Researchers would like to expand the use of test-tube evolution to proteins, but they're just beginning to find ways to do this. In the June 15 PROCEEDINGS OF THE NATIONAL ACADEMY OF SCIENCES, for example, two scientists describe how they mimicked evolution to create a protein enzyme that can function in an organic solvent. Normally, enzymes -- which evolved along with organisms -- prefer water. Chemists would like to develop enzymes that can function under a wider range of conditions so that they can use them as catalysts in industrial processes.

Working at the California Institute of Technology in Pasadena, Frances H. Arnold and Keqin Chen (who has since moved to MIT) found an interesting way to tackle test-tube evolution of proteins. They replicated DNA with the same technique used by Gold, Riordan, Beaudry, and Joyce, but this time they chose a specific piece that contained the code for making an enzyme called subtilisin. In essence, they were working with variations on a gene. They implanted each gene version into a host bacterium, cultured the critters, and compared the subtilisins excreted by the bacterial colonies.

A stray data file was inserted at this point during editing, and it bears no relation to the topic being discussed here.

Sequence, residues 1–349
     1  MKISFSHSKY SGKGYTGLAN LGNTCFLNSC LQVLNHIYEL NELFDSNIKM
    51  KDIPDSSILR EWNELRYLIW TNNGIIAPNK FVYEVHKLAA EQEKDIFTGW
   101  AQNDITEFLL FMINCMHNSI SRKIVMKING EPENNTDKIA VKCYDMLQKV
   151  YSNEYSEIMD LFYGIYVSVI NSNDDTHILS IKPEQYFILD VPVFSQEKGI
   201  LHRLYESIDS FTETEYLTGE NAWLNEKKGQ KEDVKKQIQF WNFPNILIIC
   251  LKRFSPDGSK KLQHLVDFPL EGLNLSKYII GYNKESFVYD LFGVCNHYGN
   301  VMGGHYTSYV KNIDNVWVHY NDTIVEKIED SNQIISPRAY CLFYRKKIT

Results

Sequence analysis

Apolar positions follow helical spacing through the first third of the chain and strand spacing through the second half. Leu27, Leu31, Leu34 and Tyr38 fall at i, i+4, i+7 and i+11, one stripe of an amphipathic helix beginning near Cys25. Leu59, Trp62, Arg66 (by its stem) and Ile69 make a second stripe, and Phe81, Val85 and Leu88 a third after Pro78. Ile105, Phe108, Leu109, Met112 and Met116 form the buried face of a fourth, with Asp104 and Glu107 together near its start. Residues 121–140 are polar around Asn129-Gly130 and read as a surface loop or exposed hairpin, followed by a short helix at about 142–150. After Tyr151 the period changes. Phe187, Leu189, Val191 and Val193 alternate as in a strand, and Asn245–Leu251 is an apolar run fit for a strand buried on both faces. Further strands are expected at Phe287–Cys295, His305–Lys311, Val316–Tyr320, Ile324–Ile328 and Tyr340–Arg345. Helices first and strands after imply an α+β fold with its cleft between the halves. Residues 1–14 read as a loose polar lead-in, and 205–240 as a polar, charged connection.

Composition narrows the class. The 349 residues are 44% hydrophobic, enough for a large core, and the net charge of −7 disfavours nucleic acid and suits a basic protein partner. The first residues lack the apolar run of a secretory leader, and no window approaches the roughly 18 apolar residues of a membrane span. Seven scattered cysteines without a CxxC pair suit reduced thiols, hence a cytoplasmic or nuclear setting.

Arnold and Chen also developed a clever test to select the enzyme they wanted. In nature, subtilisin breaks apart the chains of amino acids that make up certain proteins. To assess the catalytic activity of the various subtilisin versions the two chemists grew bacterial colonies on protein-rich agar plates and looked to see which colonies developed halos around them -- the telltale sign of active protein degradation. Then they transferred these active colonies to plates containing 60 percent dimethylformamide (DMF), an organic solvent. Finally, they chose the colony that formed the largest halo as the evolutionary winner and replicated its gene to create the next generation.